It is an object of the present invention to provide a suitable replacement for beeswax which is liquid at room temperature and which is of a good colour, is stable to oxidation and has the desirable qualities of moisture and oxygen permeability.

The present invention now provides a diester of the formula CH3 (CH2)5 CH(OCOR1)(CH2)10 COOR2, in which R1 is a saturated, branched chain hydrocarbon radical having 15 to 21 carbon atoms and R2 is a saturated, branched chain hydrocarbon radical having 8 to 22 carbon atoms.

Diesters of this type are valuable constituents of high performance waxes as they can impart to a wax film properties like air and water permeability in combination with excellent emollient properties. They are also of a good colour, are stable to oxidation and exhibit low melting points, eg. below 0 C. The above diesters are derived from 12-hydroxystearic acid, a saturated, branched chain C16 to C22 carboxylic acid and a C8 to C22 saturated, branched chain alcohol. The diesters can conveniently be prepared from the above three classes of compounds by esterification reactions. Suitable carboxylic acid starting materials are e.g. isopalmitic acid, isostearic acid, and isobehenic acid which acids can be obtained by reacting palmitoleic acid, oleic acid, erucic acid or mixtures thereof using a clay catalyst at temperatures of 240 to 280 C. for several hours under steam pressure, stripping off the partly isomerized, unpolymerized fraction which is then hydrogenated and (solvent) fractionated to yield a liquid, mixture of methyl branched chain saturated C16 to C22 fatty acids containing usually 0.5 to 1.0, preferably 0.6 to 0.9 methyl side-chain per molecule. Suitable alcohols are saturated branched chain C8 -C22 alcohols as e.g. 2-ethylhexanol, isocetanol, Guerbet alcohols like 4-and/or 5-octyldodecanol, isopalmityl alcohol, isostearyl alcohol, isobehenyl alcohol etc. The latter three alcohols can be prepared by reduction of the corresponding branched chain carboxylic acids. 12-Hydroxystearic acid can technically be obtained by hydrogenation of ricinoleic acid. Primary alcohols are preferred.

Preferably the diester according to the present invention satisfies the above formula in which R1 is a methyl branched chain radical eg. derived from isopalmitic acid, isostearic acid or isobehenic acid. More preferably R1 contains 17 carbon atoms and statistically between 0.5 and 1.0, preferably between 0.6 and 0.9 methyl side-chain per molecule and is the hydrocarbyl group of technical isostearic acid. A diester in which R2 contains 18 to 22 carbon atoms with a C1 -C8 contains 18 to 22 carbon atoms side-chain is preferred. More preferred is a diester in which the side-chain is a methyl group (from isopalmityl-, isostearyl- or isobehenyl alcohol). Diesters with excellent properties in waxes are those in which both R1 and R2 are both radicals derived from isopalmitic, isostearic or isobehenic acid or alcohol with particular emphasis on those derived from isostearic acid. The diesters according to the present invention can be prepared by various methods known per se e.g. from 12-hydroxystearic acid, a suitable branched chain acid and alcohol or functional derivatives thereof by esterification, inter-esterification or re-esterification techniques known in the art. One particularly attractive synthesis uses hydrogenated ricinoleic acid glycerides rich in glycerides of 12-hydroxystearic acid (hydrogenated castor oil or a fraction thereof) and esterifies the free hydroxyl groups thereof with a suitable branched chain acid using a tetraalkyl-titanium or zirconium catalyst. Subsequently partial hydrolysis is effected by treatment with a weak alkaline aqueous solution such as aqueous sodium acetate, after which the glycerol is washed out. Then the reaction mixture is subjected to distillation and the (partial) acidester so obtained is esterified with a suitable branched chain alcohol whilst eliminating water of reaction. The diester can then be further purified e.g. by fractional distillation under vacuum.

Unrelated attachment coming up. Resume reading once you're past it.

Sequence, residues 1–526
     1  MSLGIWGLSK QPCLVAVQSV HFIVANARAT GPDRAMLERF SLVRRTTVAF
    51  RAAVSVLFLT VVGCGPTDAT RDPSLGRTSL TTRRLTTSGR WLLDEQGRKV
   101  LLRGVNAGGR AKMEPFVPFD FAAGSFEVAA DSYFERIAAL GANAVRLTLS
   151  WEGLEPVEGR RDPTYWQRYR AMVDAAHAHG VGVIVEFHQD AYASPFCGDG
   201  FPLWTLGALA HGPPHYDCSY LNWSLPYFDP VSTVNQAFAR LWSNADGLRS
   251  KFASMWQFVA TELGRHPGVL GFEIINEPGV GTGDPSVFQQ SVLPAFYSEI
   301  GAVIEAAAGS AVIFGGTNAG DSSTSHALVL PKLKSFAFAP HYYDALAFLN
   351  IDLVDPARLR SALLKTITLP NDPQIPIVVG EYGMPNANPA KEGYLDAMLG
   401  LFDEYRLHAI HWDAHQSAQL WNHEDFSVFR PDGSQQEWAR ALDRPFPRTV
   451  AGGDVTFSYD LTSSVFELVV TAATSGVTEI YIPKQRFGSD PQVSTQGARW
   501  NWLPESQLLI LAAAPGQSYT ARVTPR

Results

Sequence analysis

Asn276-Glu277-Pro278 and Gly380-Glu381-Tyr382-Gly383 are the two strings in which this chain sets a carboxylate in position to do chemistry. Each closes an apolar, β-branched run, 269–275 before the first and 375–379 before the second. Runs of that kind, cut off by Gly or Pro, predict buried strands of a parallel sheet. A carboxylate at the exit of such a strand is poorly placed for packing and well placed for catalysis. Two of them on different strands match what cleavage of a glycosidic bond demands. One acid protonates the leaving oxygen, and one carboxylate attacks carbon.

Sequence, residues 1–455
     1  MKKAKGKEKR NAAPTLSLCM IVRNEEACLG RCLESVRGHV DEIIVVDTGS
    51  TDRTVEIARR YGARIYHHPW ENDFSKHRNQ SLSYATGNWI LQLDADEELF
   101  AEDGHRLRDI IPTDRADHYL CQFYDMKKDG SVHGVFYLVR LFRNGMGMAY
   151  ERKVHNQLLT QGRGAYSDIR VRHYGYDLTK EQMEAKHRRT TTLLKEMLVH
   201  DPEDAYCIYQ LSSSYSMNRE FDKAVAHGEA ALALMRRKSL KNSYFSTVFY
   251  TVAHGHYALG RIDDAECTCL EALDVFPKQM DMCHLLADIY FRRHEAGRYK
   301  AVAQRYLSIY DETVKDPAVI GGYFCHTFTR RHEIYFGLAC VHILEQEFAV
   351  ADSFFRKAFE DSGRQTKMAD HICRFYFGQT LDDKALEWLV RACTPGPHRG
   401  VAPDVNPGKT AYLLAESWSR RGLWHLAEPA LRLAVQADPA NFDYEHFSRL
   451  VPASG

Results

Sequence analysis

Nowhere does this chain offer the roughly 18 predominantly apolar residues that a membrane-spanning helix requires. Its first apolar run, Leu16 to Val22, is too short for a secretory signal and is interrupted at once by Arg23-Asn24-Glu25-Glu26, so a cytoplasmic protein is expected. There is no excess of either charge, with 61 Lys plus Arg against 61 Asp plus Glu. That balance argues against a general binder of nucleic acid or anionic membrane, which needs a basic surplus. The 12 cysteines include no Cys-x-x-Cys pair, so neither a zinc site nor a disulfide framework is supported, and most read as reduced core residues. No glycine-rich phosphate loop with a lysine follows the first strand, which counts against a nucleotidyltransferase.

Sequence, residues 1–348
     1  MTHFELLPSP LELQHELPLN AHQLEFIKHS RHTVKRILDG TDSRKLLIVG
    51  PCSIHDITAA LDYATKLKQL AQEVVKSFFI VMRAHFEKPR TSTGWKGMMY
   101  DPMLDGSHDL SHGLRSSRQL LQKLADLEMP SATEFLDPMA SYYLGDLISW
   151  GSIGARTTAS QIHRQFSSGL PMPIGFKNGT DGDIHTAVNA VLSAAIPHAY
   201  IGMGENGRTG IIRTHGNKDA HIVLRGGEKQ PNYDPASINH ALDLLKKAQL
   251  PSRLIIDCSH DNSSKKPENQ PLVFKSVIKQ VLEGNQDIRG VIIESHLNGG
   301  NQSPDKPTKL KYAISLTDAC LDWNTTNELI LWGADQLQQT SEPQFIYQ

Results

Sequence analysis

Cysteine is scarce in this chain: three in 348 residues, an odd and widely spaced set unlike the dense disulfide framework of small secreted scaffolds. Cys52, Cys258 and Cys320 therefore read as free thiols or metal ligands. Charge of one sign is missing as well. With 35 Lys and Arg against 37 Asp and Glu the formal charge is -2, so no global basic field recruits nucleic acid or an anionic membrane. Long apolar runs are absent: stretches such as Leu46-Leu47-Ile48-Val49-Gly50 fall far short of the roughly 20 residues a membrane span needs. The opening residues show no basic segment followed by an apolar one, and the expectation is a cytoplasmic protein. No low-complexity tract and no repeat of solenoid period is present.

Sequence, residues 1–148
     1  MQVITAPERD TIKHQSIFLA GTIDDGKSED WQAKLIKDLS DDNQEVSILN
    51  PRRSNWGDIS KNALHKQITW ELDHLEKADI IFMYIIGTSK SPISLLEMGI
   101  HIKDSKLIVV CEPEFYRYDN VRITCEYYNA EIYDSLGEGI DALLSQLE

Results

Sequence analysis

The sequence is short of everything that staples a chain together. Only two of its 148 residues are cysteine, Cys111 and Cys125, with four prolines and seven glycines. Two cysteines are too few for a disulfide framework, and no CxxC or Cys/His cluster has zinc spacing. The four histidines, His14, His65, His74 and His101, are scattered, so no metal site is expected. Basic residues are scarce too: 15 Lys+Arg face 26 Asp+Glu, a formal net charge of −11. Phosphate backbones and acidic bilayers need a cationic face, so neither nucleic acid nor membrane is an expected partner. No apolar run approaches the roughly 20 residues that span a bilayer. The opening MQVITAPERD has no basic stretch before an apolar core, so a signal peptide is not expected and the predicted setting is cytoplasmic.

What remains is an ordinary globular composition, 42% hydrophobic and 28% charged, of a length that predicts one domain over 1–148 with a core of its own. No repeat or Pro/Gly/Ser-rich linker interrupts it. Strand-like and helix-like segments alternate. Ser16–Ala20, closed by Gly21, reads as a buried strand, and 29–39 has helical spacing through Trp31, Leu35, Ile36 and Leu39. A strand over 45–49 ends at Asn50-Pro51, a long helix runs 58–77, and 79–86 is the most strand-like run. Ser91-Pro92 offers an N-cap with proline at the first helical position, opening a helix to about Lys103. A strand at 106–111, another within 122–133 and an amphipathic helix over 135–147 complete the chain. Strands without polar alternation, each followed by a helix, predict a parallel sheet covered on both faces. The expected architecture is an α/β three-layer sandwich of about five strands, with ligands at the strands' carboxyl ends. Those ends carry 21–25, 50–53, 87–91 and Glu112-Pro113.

The diesters according to the present invention are valuable ingredients in wax compositions and the invention provides wax compositions comprising such a diester in conjunction with other wax components. Preferably the wax composition further comprises a hydrocarbon oil (C16 -C32 and saturated), a C12 -C22 preferably branched chain fatty acid and a monoester derived from a saturated, preferably branched chain, C18 to C22 fatty acid and a C12 to C22 branched chain alcohol. Especially with diesters in which at least one C12 to C22 branched chain compound is derived from isostearic acid favourable properties are obtained in waxes.

The invention also provides a wax composition which contains:

5 to I0 % (w.w.) of diester according to the general formula specified above,

55 to 80 % (w.w.) of monoester as defined above,

5 to 20 % (w.w.) of hydrocarbon oil as defined above,

10 to 20 % (w.w.) of branched chain fatty acid as defined above.

Preferably the above composition is so compounded that the blend shows an acid value of I5 to 35 (most preferably from 17 to 22), an ester value of 65 to 85 (most preferably from 70 to 80) and an iodine value below 2.